Today we’re reviewing one of the greatest guns ever: the M240B medium machine gun. Yes, this is a serious post but also it’s not, because obviously the M240B is, and I quote, hella illegal for general civilian ownership. However it also rules so we’re going to talk about why it rules. The first reason why the M240B rules: it is durable as hell.
In the above video, the shooter, who is definitely not me, yeets a series of bursts through this M240 that, based on the pile of brass and links in the frame, has already been run pretty hard that. It doesn’t complain, it just keeps taking the abuse and going on and on. This is in contrast to its bitchy cousin the M249, which while I love the M249 for many reasons, can be a real pain in the ass to keep running.
Anyway, back to why the M240B rules. It rules because it’s probably the best medium machine gun that the US military has ever fielded, including the revered M60. That’s right, I said it. The M240B is better than the M60. It’s also better than the M1919, even though the M1919 was designed by Saint John Moses Browning, who designed every good gun ever. Here’s 5 reasons the M240 is better than the M60.
- The M240B isn’t based on Nazi machine gun designs. Nazi machine guns in WW2 are o-v-e-r-r-a-t-e-d and people think they were awesome for the same reasons they think the Sherman sucked: those people are low-key dumb.
- M240s will endure round counts that would shatter an M60 into a gajillion little pieces. I’ve seen a single M240 eat 24,000 rounds in a day without a single failure. That’s gnarly.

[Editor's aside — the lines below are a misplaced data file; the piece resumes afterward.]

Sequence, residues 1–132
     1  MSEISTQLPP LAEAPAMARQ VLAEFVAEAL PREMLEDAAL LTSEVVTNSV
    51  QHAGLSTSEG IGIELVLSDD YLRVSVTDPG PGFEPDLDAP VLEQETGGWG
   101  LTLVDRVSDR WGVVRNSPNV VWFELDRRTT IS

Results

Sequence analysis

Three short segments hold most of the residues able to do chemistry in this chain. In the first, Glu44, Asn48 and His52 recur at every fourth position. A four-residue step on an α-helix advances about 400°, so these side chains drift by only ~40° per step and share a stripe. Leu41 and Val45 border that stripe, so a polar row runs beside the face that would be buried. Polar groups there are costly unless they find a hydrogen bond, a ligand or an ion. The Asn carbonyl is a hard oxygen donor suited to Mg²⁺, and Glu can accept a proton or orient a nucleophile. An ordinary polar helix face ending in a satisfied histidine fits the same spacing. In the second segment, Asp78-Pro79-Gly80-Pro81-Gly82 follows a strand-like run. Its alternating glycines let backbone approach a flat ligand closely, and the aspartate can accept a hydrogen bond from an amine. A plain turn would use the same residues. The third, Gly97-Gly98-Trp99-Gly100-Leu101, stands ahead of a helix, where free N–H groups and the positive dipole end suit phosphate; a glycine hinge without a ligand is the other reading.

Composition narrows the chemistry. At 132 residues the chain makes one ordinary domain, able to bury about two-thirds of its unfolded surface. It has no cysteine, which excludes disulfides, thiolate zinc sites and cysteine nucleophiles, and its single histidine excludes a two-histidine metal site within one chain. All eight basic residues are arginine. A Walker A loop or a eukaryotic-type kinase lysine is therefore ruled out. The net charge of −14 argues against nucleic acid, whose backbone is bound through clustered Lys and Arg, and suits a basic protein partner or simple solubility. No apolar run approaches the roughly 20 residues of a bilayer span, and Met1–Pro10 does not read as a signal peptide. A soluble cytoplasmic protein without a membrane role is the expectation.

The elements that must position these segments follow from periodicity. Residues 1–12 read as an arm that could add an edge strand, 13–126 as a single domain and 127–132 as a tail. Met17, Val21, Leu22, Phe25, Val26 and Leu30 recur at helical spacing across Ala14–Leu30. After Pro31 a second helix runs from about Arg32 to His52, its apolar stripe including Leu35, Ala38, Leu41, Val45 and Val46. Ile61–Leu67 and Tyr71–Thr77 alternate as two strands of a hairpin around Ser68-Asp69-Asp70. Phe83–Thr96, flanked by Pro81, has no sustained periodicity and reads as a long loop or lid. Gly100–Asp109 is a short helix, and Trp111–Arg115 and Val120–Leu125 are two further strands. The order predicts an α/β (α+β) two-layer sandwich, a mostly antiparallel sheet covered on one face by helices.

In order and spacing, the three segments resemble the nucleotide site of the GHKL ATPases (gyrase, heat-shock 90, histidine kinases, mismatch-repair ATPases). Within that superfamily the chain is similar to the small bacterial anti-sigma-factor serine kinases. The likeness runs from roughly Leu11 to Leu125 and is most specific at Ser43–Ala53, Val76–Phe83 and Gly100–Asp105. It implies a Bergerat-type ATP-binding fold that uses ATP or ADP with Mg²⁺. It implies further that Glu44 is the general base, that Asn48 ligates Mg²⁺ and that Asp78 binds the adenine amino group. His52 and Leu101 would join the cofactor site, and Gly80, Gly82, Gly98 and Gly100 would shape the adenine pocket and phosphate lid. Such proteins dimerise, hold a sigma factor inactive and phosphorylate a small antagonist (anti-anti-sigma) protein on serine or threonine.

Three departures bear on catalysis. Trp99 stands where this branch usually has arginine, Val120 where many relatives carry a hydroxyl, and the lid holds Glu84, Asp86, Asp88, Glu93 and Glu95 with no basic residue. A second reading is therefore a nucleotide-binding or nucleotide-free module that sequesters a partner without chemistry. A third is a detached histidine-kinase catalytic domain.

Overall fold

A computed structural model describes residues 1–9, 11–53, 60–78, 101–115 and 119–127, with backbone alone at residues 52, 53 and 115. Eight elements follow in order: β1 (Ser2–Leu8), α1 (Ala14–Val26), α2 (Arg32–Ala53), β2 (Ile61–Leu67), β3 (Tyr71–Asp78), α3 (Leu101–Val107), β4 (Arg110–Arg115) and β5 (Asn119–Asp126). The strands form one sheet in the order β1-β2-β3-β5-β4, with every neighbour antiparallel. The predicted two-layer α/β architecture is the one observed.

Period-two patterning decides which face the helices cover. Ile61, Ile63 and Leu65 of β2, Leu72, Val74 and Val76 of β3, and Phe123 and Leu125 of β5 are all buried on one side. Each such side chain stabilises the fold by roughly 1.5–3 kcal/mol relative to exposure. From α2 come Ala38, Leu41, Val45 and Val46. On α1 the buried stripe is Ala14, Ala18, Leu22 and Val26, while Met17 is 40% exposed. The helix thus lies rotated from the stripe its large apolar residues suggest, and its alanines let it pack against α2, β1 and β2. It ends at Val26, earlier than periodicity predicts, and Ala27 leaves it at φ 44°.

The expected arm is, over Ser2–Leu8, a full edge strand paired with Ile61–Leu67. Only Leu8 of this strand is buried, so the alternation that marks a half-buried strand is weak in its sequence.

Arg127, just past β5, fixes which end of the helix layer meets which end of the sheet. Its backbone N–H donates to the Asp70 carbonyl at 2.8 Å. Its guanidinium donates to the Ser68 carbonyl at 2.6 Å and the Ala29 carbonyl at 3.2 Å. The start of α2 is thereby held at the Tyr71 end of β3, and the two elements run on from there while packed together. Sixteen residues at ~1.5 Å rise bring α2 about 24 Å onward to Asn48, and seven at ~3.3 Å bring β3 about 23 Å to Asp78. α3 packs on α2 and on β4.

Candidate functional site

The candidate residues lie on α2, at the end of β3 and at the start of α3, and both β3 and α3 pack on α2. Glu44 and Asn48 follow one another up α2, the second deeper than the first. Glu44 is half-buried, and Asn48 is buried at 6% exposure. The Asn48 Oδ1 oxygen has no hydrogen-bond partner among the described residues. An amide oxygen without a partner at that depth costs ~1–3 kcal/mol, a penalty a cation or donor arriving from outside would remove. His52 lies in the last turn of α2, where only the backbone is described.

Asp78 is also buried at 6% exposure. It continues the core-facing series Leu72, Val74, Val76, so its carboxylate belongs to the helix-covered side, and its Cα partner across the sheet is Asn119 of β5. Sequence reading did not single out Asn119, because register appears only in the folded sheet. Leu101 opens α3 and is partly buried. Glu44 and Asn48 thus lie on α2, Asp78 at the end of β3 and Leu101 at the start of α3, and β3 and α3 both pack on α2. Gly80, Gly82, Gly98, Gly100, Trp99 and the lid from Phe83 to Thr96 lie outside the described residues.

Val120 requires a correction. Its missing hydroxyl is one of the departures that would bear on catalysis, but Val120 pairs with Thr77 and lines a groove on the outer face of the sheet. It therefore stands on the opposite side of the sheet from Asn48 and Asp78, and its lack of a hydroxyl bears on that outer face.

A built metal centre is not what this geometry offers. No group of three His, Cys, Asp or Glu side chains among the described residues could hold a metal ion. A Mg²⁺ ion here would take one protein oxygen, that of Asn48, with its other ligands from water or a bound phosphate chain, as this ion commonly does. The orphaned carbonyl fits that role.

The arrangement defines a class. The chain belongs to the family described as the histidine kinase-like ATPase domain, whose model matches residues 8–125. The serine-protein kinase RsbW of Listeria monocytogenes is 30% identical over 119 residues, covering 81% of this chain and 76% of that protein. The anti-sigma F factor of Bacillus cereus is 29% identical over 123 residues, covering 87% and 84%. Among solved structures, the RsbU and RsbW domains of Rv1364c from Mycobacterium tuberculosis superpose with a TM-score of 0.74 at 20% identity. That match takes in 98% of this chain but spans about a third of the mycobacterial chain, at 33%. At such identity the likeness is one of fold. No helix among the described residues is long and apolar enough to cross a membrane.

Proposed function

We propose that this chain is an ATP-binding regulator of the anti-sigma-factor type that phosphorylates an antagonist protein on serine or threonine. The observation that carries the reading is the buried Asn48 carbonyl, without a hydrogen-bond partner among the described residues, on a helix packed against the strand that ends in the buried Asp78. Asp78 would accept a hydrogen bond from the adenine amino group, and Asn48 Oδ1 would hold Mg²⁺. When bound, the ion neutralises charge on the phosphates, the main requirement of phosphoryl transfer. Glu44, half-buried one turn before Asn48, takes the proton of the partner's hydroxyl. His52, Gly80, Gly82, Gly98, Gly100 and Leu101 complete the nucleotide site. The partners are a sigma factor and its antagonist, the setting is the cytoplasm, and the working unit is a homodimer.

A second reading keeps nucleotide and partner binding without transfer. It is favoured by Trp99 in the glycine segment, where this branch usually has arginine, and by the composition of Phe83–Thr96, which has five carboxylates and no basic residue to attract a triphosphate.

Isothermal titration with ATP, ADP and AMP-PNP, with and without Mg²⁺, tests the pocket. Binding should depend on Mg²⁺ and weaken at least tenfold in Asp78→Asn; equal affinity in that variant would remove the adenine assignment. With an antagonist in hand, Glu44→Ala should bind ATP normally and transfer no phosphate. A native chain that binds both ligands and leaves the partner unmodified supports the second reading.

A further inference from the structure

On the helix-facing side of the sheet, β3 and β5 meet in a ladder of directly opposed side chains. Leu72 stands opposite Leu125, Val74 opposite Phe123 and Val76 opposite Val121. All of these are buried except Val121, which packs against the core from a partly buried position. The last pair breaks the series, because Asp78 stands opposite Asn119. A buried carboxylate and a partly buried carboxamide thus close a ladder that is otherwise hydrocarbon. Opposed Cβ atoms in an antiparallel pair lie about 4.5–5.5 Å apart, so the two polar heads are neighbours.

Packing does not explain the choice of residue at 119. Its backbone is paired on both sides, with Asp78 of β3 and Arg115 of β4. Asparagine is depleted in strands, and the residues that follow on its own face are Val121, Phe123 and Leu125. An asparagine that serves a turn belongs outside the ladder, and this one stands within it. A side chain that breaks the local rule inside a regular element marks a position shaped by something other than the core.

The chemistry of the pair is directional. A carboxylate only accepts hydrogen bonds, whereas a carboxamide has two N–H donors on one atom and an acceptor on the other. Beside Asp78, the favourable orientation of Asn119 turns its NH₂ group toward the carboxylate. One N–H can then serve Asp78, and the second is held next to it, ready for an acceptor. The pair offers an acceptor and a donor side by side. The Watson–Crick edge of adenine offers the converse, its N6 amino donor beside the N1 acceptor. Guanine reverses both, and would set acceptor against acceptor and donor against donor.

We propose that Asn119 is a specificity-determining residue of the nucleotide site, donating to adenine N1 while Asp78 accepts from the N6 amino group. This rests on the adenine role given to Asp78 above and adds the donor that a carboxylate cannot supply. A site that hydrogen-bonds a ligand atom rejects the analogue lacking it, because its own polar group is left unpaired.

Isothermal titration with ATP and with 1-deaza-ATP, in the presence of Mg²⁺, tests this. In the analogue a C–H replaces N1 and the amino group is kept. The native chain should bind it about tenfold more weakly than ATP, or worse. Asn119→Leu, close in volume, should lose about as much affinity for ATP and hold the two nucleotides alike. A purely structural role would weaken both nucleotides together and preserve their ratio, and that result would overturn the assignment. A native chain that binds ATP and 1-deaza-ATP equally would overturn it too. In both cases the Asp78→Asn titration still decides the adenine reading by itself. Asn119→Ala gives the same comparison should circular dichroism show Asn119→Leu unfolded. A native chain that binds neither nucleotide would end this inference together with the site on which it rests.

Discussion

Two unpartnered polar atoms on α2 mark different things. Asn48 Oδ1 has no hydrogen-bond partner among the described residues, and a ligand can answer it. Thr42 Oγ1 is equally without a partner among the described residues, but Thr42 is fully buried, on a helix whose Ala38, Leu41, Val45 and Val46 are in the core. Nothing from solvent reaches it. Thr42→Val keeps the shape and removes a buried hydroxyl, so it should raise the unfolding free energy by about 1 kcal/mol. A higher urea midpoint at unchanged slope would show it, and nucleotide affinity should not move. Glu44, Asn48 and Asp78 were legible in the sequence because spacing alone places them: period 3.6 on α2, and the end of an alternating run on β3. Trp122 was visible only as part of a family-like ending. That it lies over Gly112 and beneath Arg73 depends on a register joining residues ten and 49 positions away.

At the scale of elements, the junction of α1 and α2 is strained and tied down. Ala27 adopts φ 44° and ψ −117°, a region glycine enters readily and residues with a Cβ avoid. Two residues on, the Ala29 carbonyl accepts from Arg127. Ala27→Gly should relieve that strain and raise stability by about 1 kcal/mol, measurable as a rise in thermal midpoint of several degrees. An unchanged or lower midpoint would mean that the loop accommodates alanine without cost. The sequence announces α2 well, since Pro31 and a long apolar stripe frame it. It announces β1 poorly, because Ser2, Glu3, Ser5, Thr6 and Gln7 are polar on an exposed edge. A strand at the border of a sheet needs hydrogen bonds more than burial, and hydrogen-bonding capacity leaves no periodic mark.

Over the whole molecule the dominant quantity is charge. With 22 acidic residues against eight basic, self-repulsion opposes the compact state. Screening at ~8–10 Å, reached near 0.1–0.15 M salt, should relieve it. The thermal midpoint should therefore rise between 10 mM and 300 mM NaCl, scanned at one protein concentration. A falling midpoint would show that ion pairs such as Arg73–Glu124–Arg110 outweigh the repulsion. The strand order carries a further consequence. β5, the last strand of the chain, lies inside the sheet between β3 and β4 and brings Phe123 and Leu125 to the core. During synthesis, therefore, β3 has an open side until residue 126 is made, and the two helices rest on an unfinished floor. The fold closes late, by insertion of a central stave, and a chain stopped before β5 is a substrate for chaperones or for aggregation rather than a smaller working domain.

- Barrel changes on the 240 are way easier than the M60
- The Belgians (who designed the M240) make better beer than Germans or Americans, thus the M240 is better.
- Yes, “Pig” is a cool nickname for a machine gun, but the M60 got that name because it was unbalanced and liked to nose dive into the ground. Everyone loves the 240, so it doesn’t have a mean nickname.
Alright, let’s do some real review stuff here for a second. The M240B is a 7.62 NATO, gas operated medium machine gun that fires from the open bolt position. It has a rate of fire from 650 to 850 rounds per minute, and has fixed headspace barrels, which means that theoretically, any 240 barrel on the planet should fit any 240. For the most part, the guns issued to the US military have been manufactured by FN USA in Columbia, SC; however I’ve personally seen at least one Colt manufactured M240B. In Air Force ground combat doctrine (yes that’s a thing I promise you) the role of the M240B is to either be vehicle mounted on mobile patrols, or mounted in a fixed position to cover a sector of fire in the ground airbase defense role. In traditional infantry fire and maneuver situations, the M240B is used to provide a base of fire that allows the maneuver unit to advance on the objective.
But now the most important question to answer in this M240 review: is it wicked awesome to rip a belt through? YES DUH. And if you ever get the chance I highly recommend you do it.